Bitcoin soars to record as buyers look beyond miners' split
(Bloomberg) -- Bitcoin extended gains to a record as the cryptocurrency makes strides in putting the scaling debate behind it.
The digital currency jumped as much as 21 percent to an unprecedented $3,423.37, even after bitcoin’s division last week. The debate has revolved around how to upgrade its underlying technology. Most of the bitcoin ecosystem supports a solution called SegWit2x, while those backing a different scaling mechanism called Bitcoin Cash split into a different blockchain last week.
“The miner-orchestrated hard fork has had limited traction and will not impact the price or future development of bitcoin,” said Aurelien Menant, chief executive officer of Gatecoin Ltd., a cryptocurrency exchange in Hong Kong, referring to the split. “The activation of SegWit is a significant milestone in bitcoin’s technological evolution.”
At the heart of the dispute is an issue that has dogged bitcoin’s development: as its popularity grew, transactions slowed because of a cap on the amount of data processed by the blockchain. Under SegWit2x, some of that data will be moved off the main network while block sizes will be doubled to 2 megabytes in November -- a quarter of that for Bitcoin Cash. While the first step of SegWit2x has been locked in and the technology will probably be adopted at some point in August, infighting could disrupt the transition.
The price of Bitcoin Cash has plummeted 62 percent from a record high reached last week to $272, bolstering the appeal of its older cousin, CoinMarketCap data show. For now, Bitcoin Cash still pales in comparison to the original asset: the former has a capitalization of $4 billion, compared with the latter’s $53 billion, according to CoinMarketCap.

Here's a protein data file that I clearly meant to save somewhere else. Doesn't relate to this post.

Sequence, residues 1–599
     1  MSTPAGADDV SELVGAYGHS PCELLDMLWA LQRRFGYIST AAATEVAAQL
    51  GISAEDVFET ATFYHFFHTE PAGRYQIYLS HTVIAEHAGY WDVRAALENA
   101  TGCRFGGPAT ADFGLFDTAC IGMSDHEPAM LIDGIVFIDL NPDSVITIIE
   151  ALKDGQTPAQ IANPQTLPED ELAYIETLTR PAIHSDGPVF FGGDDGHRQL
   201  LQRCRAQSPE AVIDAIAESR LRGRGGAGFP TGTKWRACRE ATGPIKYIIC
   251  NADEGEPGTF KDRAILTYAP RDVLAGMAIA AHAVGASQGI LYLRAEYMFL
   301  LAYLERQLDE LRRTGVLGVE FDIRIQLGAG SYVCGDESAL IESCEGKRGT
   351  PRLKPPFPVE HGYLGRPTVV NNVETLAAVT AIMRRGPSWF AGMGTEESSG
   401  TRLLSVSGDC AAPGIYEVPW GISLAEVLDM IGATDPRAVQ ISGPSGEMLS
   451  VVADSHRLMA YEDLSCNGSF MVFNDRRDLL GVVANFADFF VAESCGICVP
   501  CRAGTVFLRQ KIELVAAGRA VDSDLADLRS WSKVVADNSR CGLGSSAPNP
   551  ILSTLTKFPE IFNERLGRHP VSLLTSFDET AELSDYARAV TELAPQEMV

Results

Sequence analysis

“On a market cap basis, the price rise in bitcoin very closely mirrors the decline in Bitcoin Cash, indicating that investors are selling their Bitcoin Cash for Bitcoin,” said Matthew Newton, market analyst at trading platform eToro. “Additionally, investors that preferred to wait out the hard fork last week are now moving back in.”
Reports, including an article in cryptocurrency news platform Cointelegraph, point to price manipulation in bitcoin to explain the jump in prices. The reports say a trader with deep pockets is signaling large orders without following through to move prices, a practice known as spoofing.
Newton at eToro says this is unlikely to be the main cause behind the move as the practice is well known to traders so they’re less susceptible to it.
While the mechanism proposed by SegWit of moving some of the operations outside of the main network should be implemented in the following days, there could still be some bumps down the road, Menant said.
“The scaling debate is not over yet,” Menant added. “The promised 2 MB block size increase due in November in accordance with the SegWit2x agreement may still be rejected by certain stakeholders.”
--With assistance from Yuji Nakamura